Solutions like Prescriptive Topology Manager (PTM) automate cabling validation, a seemingly trivial — yet critical — component of any design. Entire full-featured, ready-to-ship deployments can be built with Cumulus VX, significantly reducing design and deployment times, while eliminating concerns about untested features. Did we mention that automation engines are born in Linux and operate at full capabilities when it comes to Linux? These small efficiencies add up, expediting processes, and reclaiming your time.

Create More, Consume Less

The extensibility of Linux is nothing short of extraordinary, which is why we’ve seen an explosion of creative technologies over the recent years. And not just in networking, but in everything: Linux-based phones, automated cars, rockets, gaming consoles, IoT devices, surgical systems, genome sequencers, and so on. The possibilities are endless. Cumulus Linux shares the same vision as Linux itself: to be a realm of creativity where highly customized implementations can exist to meet the demands of rapidly-changing industries.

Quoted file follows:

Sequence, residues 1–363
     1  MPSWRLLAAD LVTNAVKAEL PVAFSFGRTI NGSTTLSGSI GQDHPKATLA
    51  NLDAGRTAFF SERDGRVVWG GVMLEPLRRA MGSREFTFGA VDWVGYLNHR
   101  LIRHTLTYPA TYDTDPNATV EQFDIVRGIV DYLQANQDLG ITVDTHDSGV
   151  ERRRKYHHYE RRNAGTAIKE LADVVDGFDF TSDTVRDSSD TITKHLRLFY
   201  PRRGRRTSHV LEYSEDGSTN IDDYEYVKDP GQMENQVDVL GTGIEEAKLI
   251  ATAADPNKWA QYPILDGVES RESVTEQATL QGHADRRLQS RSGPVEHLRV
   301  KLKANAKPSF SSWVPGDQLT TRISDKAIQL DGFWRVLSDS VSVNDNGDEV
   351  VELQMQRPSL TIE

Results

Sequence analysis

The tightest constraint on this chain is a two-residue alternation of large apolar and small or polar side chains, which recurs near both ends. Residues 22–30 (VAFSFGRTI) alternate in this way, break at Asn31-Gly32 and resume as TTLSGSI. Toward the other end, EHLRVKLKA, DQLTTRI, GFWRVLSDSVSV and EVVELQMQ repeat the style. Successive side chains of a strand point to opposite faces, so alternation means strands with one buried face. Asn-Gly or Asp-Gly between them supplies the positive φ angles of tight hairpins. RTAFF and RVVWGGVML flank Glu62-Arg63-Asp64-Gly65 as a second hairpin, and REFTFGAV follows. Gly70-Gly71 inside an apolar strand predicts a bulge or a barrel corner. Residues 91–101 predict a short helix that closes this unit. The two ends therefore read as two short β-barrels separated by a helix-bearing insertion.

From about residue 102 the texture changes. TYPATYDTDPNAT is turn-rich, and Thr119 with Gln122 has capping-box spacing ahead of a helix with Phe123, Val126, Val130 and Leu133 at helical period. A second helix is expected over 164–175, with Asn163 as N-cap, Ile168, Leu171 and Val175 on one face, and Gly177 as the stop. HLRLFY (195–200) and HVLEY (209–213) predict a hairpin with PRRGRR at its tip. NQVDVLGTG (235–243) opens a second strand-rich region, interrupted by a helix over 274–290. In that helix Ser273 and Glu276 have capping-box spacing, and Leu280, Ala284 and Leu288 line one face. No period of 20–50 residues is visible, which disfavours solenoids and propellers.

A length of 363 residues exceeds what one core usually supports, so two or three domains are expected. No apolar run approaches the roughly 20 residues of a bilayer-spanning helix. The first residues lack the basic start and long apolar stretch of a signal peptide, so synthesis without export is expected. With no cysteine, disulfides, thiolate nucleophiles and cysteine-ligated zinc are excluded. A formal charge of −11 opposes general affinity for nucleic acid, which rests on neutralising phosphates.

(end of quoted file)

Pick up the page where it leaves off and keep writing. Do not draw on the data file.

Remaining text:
Cumulus Linux can reduce capital and operational expenditures in multitudes of designs due to the cost model as compared with other closed-system designs. Cumulus runs on hardware from 9 different vendors and with more than 70 different switch models; and these numbers are continually growing. Want to upgrade to another model? No problem; swap the whitebox hardware and deploy Cumulus via ONIE and you’re back up and running. Â

Contribute Beyond Yourself

Network architecture best practices, recommendations, advisories, playbooks, configurations, templates, Q&As, successes stories (and pitfalls), how-tos and how-not-tos — this type of information and more like it is constantly being shared across the globe.

It’s this kind of contribution to a greater whole that improves your life and the lives of those around you. Linux is community-driven, and Cumulus Linux is no exception. Cumulus has contributed massive amounts of code to the open source community and numerous projects, including fixes and enhancements to Linux packages that improve the performance and quality  of systems everywhere using these packages.